Titled "Tuberculosis: clinical diagnosis and management of tuberculosis, and measures for its prevention and control", the NICE recommendations state that screening for latent TB infection - which has no symptoms and is not infectious but has the potential to develop into TB disease at any time – will include administering the unlicensed Mantoux tuberculin skin test in the first instance and, if the results are positive, conducting a further blood test (also known as an interferon-gamma immunological test) to confirm the accuracy of the skin test. More importantly the guidelines confirm the use of blood tests as the first line diagnostic for latent TB in all immunosuppressed individuals, whatever the cause. This includes HIV infection as well as any drug induced immunosuppression, which may occur in groups such as transplant and arthritis patients.
Additionally the guidelines indicate that the blood tests have a role to play in the diagnosis of TB disease especially in non-pulmonary TB and as a rule-out test in TB suspects.
The NICE recommendations for TB come just after The Centers for Disease Control and Prevention (CDC) in the US advised a simple, one-step blood test be used in all circumstances under which the traditional skin test is currently used, as part of its new TB detection guideline.
Oxford Immunotec Chief Executive Officer, Dr. Peter Wrighton-Smith, said: "We welcome NICE's recognition of blood testing and its important role in the diagnosis of latent TB infection. Blood tests for Mycobacterium tuberculosis offer significant advantages over the tuberculin skin test in terms of accuracy, convenience and reliability and this decision represents a significant step forward in modernising the way TB is managed in England and Wales. In addition, it supports the Government's TB Action Plan, which states accurate TB diagnosis through the use of modern laboratory techniques is essential."
A recent survey conducted by leading research company, IPSOS, reveals the general public agree with the NICE recommendations. Nearly all those surveyed (93%) felt it was important that TB is diagnosed as accurately as possible every time, with around three quarters (76%) believing blood testing should replace the skin test as the standard TB diagnostic tool in the UK.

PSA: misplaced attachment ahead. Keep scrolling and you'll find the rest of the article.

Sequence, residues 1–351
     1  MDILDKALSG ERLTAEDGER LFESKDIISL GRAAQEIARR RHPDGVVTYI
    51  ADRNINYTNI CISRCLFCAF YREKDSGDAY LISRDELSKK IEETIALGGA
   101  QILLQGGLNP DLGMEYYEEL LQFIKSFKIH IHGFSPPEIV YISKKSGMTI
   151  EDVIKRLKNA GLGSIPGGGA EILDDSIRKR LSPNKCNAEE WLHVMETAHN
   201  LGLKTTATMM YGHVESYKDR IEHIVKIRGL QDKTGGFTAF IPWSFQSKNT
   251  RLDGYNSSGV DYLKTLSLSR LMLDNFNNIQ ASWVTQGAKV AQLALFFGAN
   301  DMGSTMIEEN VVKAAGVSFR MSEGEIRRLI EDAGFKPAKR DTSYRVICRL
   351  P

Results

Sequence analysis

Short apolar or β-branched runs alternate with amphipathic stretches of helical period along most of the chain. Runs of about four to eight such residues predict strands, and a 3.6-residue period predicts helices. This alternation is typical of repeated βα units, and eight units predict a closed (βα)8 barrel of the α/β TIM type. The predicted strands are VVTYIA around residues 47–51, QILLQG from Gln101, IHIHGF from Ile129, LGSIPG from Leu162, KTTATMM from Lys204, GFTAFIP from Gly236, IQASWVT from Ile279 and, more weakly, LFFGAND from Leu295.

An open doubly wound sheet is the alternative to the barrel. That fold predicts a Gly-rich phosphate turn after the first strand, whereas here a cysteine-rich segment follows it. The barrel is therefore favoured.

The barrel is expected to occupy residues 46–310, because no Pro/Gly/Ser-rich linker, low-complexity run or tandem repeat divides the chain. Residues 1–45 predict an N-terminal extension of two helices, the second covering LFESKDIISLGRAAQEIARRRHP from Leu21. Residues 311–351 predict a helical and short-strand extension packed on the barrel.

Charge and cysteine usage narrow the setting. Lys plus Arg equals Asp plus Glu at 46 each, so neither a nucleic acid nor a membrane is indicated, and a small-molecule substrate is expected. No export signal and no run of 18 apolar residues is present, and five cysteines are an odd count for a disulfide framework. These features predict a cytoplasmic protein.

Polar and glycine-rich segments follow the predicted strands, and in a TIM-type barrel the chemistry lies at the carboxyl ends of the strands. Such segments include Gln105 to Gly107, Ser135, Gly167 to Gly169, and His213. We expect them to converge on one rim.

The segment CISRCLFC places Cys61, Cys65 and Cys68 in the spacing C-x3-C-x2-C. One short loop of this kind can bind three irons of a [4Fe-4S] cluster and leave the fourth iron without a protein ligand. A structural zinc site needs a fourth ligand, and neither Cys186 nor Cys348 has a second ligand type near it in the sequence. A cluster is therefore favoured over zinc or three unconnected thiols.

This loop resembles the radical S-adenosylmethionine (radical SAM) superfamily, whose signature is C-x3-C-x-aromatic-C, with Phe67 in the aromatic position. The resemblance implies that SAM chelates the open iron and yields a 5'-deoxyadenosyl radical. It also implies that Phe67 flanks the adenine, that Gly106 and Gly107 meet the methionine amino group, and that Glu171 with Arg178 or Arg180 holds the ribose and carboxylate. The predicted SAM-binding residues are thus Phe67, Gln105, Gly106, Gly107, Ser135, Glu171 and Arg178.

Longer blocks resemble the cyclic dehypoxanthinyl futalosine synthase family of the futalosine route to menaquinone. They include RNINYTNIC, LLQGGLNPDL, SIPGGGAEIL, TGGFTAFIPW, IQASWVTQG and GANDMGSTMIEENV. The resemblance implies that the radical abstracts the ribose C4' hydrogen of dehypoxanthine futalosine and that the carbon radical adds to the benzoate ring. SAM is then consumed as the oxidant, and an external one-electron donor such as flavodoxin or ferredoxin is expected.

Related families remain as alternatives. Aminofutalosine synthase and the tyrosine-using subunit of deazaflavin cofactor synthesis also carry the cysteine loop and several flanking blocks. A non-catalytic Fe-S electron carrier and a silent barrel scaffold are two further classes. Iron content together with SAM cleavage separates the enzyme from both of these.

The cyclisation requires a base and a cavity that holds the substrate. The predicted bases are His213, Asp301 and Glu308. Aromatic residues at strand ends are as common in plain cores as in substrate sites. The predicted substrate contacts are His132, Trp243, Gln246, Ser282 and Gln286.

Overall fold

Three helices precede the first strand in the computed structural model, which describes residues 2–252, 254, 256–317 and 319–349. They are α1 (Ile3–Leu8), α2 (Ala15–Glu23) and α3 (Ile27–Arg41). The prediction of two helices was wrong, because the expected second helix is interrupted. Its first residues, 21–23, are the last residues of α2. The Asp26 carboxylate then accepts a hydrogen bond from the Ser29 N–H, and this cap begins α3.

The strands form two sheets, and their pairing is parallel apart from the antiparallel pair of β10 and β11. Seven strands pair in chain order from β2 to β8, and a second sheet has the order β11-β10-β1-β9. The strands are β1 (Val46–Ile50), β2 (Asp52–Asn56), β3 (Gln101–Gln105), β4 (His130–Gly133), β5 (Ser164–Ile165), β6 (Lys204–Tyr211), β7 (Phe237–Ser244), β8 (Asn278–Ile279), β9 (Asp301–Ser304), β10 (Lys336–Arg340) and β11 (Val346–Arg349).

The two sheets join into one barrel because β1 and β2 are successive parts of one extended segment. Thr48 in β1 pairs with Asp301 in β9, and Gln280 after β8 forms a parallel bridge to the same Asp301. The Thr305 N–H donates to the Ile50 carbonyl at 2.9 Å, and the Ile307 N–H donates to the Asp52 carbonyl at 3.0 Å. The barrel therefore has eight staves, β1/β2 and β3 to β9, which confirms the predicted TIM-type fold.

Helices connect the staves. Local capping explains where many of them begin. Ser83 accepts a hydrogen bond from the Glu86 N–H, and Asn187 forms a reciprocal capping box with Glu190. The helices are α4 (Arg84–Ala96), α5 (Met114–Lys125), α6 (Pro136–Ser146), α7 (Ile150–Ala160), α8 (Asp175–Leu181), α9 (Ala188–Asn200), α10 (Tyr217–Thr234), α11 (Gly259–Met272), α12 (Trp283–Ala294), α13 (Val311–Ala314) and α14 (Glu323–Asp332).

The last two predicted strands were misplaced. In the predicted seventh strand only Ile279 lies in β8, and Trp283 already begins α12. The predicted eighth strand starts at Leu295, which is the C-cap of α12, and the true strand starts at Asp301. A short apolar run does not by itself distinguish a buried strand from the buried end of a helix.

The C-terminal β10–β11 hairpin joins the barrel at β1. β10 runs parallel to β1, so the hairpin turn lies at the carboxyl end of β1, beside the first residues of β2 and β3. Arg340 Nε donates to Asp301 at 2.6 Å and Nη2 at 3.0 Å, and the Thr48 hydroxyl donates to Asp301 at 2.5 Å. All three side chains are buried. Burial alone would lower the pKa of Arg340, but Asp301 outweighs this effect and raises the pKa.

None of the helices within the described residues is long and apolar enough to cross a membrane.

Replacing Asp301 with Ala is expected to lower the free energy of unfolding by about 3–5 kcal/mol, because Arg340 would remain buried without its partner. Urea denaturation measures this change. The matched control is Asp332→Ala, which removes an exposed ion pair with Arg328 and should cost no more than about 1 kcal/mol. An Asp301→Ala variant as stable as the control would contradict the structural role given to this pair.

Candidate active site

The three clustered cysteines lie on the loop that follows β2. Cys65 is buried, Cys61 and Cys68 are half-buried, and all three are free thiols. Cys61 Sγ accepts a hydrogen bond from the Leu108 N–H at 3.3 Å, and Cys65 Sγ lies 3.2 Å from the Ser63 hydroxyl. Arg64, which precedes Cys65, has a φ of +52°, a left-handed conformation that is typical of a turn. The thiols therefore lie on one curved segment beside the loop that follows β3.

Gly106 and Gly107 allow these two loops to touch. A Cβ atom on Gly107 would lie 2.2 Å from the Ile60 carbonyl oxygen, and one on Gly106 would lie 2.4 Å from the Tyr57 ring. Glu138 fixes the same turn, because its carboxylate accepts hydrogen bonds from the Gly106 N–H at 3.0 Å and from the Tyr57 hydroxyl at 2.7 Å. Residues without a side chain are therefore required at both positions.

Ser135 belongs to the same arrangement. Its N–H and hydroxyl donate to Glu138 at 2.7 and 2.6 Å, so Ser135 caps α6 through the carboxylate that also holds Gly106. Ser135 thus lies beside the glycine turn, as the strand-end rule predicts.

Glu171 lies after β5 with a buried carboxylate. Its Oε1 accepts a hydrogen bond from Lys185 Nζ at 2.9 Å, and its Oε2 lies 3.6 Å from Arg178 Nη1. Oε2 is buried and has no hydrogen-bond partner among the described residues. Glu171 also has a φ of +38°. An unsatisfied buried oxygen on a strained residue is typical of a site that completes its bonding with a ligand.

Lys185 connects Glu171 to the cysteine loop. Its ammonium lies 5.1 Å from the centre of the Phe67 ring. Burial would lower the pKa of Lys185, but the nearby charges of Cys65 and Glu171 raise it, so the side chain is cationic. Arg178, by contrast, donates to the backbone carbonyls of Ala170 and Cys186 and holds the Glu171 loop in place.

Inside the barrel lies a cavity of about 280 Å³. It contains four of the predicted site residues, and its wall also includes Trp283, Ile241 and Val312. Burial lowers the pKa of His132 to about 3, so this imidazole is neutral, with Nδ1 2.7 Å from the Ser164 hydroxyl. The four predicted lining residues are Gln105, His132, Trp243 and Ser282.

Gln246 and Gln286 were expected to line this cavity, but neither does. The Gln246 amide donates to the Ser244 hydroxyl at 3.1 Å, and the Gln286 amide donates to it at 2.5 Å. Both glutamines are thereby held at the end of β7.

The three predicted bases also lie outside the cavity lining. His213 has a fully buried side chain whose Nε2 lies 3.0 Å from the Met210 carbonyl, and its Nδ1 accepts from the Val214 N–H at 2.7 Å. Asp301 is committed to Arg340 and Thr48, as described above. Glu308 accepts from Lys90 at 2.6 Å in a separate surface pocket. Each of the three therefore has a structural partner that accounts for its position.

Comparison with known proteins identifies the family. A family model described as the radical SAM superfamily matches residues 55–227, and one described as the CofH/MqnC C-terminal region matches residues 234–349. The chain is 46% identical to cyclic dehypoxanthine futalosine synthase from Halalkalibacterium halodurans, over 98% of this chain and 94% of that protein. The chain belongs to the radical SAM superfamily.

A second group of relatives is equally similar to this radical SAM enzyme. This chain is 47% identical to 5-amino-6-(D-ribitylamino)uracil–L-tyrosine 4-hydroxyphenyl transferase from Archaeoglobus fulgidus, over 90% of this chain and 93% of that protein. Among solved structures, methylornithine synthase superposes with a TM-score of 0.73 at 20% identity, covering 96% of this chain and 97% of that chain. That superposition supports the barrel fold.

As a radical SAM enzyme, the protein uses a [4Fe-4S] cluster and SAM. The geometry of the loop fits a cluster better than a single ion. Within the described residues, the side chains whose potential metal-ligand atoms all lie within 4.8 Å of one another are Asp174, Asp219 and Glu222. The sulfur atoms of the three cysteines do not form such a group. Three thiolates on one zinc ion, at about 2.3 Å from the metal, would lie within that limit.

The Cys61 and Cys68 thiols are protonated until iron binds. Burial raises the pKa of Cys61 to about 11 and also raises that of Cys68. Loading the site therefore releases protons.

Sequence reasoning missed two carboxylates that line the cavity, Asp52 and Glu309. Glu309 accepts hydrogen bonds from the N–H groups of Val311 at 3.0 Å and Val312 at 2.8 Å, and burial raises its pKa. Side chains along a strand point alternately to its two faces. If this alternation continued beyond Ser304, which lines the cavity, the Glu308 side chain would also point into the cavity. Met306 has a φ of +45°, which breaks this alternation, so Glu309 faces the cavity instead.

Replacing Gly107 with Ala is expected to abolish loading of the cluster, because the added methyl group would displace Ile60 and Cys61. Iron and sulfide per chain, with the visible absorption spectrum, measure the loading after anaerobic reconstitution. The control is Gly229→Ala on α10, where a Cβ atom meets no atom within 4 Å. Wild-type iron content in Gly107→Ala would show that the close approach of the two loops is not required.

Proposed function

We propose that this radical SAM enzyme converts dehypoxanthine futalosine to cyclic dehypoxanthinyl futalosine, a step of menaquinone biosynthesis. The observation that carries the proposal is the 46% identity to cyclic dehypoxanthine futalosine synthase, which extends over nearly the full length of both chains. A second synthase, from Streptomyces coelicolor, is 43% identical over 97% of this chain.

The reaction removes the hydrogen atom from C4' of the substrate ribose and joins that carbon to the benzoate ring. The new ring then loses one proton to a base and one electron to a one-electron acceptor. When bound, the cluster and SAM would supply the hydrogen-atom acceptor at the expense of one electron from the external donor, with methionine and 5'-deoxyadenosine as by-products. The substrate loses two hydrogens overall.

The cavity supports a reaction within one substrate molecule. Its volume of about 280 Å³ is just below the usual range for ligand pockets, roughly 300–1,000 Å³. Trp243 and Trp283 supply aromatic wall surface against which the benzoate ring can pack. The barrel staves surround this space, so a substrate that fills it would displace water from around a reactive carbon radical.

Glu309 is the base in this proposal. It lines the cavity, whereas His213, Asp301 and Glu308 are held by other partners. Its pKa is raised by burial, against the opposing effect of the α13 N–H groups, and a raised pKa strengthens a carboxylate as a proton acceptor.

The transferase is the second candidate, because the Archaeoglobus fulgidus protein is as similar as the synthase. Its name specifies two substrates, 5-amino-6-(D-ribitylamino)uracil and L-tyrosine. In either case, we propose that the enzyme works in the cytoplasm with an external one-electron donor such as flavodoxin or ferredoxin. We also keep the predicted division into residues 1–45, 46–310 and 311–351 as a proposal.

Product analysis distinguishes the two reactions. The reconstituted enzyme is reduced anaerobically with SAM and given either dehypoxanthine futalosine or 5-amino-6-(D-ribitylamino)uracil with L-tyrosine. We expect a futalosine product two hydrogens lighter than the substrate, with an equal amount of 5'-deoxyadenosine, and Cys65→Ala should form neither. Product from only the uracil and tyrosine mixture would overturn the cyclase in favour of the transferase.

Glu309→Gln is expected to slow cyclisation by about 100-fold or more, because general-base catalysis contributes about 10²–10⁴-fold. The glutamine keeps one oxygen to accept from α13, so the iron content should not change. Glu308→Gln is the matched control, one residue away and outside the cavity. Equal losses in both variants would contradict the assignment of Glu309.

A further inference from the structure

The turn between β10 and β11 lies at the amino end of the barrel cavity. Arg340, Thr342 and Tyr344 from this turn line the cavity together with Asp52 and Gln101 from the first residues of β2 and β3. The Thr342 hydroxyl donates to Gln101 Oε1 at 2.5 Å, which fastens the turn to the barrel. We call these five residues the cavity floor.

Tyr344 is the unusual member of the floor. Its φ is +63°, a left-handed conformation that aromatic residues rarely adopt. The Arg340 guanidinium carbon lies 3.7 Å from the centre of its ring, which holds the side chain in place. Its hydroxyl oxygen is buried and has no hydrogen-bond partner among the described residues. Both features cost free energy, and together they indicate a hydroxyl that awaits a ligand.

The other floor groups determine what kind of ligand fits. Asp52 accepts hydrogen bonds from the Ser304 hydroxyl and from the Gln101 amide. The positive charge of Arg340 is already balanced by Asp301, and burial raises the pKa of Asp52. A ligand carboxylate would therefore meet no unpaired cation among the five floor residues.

NICE's inclusion of blood testing is a particularly important outcome for people with weakened immune systems, such as those with HIV, as well as transplant and arthritis patients. Crucially, the T-SPOT.TB test is the first reliable diagnostic tool for detecting TB infection in the immunocompromised. The 115-year-old tuberculin skin test is the oldest diagnostic tool still in use today and is unable to accurately diagnose TB infection, particularly in this patient group.
Last year the UK was forced to replace the original Heaf method of skin testing with the even older Mantoux method (which has been used across other parts of Europe for many years), because the Heaf components were no longer available. The Mantoux technique is technically more difficult to administer and the purified protein derivative which is injected is not licensed in the UK. This change has increased the training needed for the technique and requires additional paperwork as the Mantoux test is not licensed.
Dr Wrighton-Smith commented: "This guideline will raise awareness of the risk that TB poses and we welcome that. It is disappointing however that they fail to recognise the costs that the NHS must bear in re-training healthcare professionals to use the Mantoux technique and the additional work required as a result of it being an unlicensed product. T-SPOT.TB not only offers superior performance in giving accurate results but is also fully licensed in the UK and therefore represents a logical and effective tool in the fight to control TB in this country."
TB disease affects around 7,000 people in the UK each year however up to a further four million people could be infected with latent TB. It is hoped that adequate funding will be provided to ensure the recommended changes outlined in the NICE guideline for TB can be incorporated.
About the NICE Guideline for TB
About Oxford Immunotec (www.oxfordimmunotec.com)
Oxford Immunotec, the T-cell measurement company, is headquartered near Oxford, UK. The Company develops and sells clinical diagnostic products based on its patented T-SPOTTM technology. T-SPOT is a novel platform technology that opens up new ways of diagnosing and monitoring infections by providing a simple and extremely accurate method of studying a person's cellular immune response to an infection. T-SPOT technology can be applied to diagnose and monitor any major disease driven by a T-cell response.
T-SPOT.TB is an in vitro T cell measurement test used for diagnosing TB disease and latent TB infection and the first product from Oxford Immunotec using the T-SPOT technology. The product is extremely robust in that it gives a result every time and offers unrivalled and maintained sensitivity in high risk and immunocompromised patient groups. T-SPOT.TB is approved for sale in Europe and is designed to replace the 115 year old Tuberculin Skin Test. As such it offers a substantially more accurate and effective tool for controlling the spread of TB, addressing a market of £600m.
Unlike the traditional Tuberculin Skin Test, the T-SPOT.TB test incorporates a positive control, allowing the user to distinguish between a genuine negative result and one which is indeterminate (i.e. an inconclusive result) as a result of a technical failure.
In November 2005, Oxford Immunotec's T-SPOT.TB blood test won the prestigious Equinox-sponsored award for the Best Business Proposition at the Medical Futures Innovation Awards.
T-SPOT is a trademark of Oxford Immunotec.
Last reviewed: By John M. Grohol, Psy.D. on 21 Feb 2009
Published on PsychCentral.com. All rights reserved.